But then came the trouble. I had a wonderful husband and a neat, pretty life. But it wasn’t nearly as fulfilling as it was supposed to be. In my junior high classroom, I felt like a kid trying to act like a grown up in front of other kids, unable to be myself — my not-really-very-grown-up self — for fear of seeming unprofessional or losing respect. And I was wearing slacks. At home, I was attempting to play perfect housewife, overwhelming myself with assuming all household responsibilities because I thought that’s what good wives do. I found myself in the midst of a violent, self-inflicted identity crisis based on my own assumptions about what it means to be an adult — assumptions that almost cost me my dream and a huge part of myself.
The truth is, I’m an artist. I’m a writer. I have trouble picking up after myself, and sometimes I enjoy a little chaos. And so, to balance the pendulum, I’ve been working on un-growing up — just a little. Here are a few things I’m learning.
“Growing up” does not mean becoming someone you’re not.
Are you becoming a better version of the REAL you? I can try to be a neater neat freak all I want. But I am not a neat freak at all. Un-growing up here means letting go of selves I sometimes wish I was, and working purposefully on improving the self I am. The real grown-up qualities of responsibility, wisdom and maturity are good, necessary things. Add these to your true self; no made-up self can wear them nearly as well.
Growing up does not mean achieving perfection.
You’re driving yourself crazy. And I guarantee your spouse, boyfriend, or best friend is also growing weary of your constant pursuits in the direction of perfection. Repeat after me: perfect is boring. Some synonyms of “boring” are characterless, colorless, drab, and lifeless. When your goal is perfection, you miss out on creativity, which is almost always messy and never perfect. Perfectionism robs you of life and joy.
Growing up does not mean you can’t have fun.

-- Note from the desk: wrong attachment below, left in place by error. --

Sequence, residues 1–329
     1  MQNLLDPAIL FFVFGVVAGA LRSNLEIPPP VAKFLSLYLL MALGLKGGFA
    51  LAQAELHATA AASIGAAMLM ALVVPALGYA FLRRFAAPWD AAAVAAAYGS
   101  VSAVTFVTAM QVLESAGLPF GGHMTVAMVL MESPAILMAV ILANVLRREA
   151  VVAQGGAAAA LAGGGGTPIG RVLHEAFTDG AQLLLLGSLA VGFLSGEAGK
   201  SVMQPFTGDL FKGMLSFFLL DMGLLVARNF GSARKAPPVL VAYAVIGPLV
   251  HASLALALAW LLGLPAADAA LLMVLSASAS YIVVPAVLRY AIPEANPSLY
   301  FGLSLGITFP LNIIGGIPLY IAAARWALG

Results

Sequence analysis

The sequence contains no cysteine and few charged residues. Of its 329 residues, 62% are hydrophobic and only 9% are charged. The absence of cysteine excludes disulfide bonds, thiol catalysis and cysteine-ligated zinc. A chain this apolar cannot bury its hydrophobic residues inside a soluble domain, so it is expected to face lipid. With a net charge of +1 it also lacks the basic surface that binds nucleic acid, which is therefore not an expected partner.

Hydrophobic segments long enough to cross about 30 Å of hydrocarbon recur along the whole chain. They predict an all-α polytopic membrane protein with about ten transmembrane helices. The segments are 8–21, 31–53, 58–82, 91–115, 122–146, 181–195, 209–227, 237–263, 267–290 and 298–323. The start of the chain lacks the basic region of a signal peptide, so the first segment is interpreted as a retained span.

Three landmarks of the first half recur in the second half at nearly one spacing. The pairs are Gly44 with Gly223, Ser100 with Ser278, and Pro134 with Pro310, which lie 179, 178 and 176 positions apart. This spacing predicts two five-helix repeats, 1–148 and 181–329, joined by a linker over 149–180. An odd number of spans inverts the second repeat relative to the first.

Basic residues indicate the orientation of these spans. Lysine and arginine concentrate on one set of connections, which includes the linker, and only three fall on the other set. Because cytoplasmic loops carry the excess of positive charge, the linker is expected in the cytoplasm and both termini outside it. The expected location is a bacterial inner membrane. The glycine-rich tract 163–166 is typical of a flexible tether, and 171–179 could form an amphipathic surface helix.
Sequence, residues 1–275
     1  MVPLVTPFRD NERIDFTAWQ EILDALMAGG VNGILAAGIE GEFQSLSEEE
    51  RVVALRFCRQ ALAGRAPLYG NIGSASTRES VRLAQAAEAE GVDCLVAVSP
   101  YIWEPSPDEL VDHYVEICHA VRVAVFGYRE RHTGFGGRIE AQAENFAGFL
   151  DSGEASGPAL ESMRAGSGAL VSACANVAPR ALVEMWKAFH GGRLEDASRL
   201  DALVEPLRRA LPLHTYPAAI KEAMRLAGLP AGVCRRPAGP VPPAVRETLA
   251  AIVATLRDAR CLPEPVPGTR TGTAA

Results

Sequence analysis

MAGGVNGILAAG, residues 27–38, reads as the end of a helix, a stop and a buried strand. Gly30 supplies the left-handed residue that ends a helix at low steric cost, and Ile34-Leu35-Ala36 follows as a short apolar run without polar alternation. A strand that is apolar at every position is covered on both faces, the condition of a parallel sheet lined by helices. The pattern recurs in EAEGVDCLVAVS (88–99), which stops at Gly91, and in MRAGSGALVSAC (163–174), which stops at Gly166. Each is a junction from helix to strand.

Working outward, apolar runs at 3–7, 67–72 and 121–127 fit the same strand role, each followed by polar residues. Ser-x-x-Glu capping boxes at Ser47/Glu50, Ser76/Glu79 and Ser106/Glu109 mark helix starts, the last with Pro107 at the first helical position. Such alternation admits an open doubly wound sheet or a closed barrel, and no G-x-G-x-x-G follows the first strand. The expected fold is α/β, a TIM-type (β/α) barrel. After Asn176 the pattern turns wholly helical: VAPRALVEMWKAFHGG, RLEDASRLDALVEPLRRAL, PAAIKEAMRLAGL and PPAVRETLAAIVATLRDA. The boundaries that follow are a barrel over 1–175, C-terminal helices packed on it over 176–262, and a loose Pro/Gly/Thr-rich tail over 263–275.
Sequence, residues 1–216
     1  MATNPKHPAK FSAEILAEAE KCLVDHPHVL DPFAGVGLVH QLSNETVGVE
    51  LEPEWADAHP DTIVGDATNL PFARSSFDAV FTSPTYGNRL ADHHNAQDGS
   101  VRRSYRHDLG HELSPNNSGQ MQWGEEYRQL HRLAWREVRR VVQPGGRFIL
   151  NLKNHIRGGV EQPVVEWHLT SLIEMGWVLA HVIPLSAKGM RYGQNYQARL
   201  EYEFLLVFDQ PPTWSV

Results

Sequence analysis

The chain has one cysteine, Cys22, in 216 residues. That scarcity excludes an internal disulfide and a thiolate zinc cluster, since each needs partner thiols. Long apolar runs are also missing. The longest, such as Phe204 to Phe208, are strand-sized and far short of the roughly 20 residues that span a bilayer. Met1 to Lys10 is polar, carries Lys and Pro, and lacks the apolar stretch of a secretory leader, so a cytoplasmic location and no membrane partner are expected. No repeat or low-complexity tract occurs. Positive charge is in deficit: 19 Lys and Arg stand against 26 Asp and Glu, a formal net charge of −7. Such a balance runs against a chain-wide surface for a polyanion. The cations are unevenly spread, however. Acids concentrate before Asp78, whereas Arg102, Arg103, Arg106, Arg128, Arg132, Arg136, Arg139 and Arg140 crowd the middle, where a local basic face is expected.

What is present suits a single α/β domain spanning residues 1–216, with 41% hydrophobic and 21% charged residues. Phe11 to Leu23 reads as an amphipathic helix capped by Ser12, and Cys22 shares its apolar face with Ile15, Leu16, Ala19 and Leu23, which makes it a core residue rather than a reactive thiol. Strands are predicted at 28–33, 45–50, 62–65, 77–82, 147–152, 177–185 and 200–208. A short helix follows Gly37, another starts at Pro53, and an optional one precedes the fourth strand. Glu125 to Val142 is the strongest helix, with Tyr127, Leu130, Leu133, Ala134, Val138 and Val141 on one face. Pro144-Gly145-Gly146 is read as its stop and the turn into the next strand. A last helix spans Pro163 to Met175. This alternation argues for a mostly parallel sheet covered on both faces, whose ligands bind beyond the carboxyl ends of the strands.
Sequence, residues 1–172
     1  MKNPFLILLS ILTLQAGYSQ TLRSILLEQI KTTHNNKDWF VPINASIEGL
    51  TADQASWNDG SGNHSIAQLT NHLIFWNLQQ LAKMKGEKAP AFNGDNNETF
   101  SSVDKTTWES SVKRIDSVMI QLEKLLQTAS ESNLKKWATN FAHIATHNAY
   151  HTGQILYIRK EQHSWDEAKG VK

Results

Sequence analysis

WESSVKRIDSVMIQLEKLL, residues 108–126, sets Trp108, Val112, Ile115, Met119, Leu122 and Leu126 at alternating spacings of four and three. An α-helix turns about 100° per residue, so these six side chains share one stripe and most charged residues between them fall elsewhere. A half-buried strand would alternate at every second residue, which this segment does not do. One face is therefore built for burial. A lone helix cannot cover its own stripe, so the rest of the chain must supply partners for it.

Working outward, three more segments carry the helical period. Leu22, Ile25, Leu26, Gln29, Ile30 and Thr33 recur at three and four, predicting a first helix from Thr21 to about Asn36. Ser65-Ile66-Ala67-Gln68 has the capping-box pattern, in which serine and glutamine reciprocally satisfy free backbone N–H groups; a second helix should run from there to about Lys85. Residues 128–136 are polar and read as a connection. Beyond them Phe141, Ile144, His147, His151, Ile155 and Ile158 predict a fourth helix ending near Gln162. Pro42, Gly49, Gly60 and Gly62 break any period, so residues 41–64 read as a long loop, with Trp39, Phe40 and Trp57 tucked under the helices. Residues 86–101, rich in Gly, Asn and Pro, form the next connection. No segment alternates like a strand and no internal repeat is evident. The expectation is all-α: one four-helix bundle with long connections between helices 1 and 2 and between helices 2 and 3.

One night fairly recently, I got mad at my husband when he told me he only likes doing chores when he can make them fun. To me, this sounded immature and irresponsible. Really? If chores can be fun, why shouldn’t they be? Stop taking yourself so seriously.
Un-growing up is letting go, deciding for yourself, and enjoying the process.
It’s throwing out expectations, unrealistic standards and, most of all, rules. Rules like “you must major in something practical” and “you can’t have any fun once you have kids” and “wash your sheets every week.” Says who? Take your three-month-old camping. Major in underwater basket weaving, if that’s what lights your fire. And surround yourself with people like my amazing husband who will make sacrifices (like washing the sheets) to support you in your dream, because it’s what you have to do.
At the risk of sounding like your Facebook wall, I turn to the legendary Steve Jobs, who really had this one down:
“You’ve got to find what you love… Your work is going to fill a large part of your life, and the only way to be truly satisfied is to do what you believe is great work. And the only way to do great work is to love what you do. If you haven’t found it yet, keep looking. Don’t settle. As with all matters of the heart, you’ll know when you find it. And, like any great relationship, it just gets better and better as the years roll on.”
I didn’t decide to be a writer until I realized I might have to spend my life doing something else. I might just grow up and leave writing behind.
No, thanks – I’m going back for it, and it’s coming with me.
Brynna Lynea is a freelance writer and blogger at brynnabegins.com where she blogs about her creative process, taking chances, learning new things, pursuing projects and dreams, and leaning on the grace of God. It is about enjoying today and not worrying about tomorrow. It’s about paying attention to the process. Check out her stellar freelance website or follow some of her everyday musings @brynnlynnea.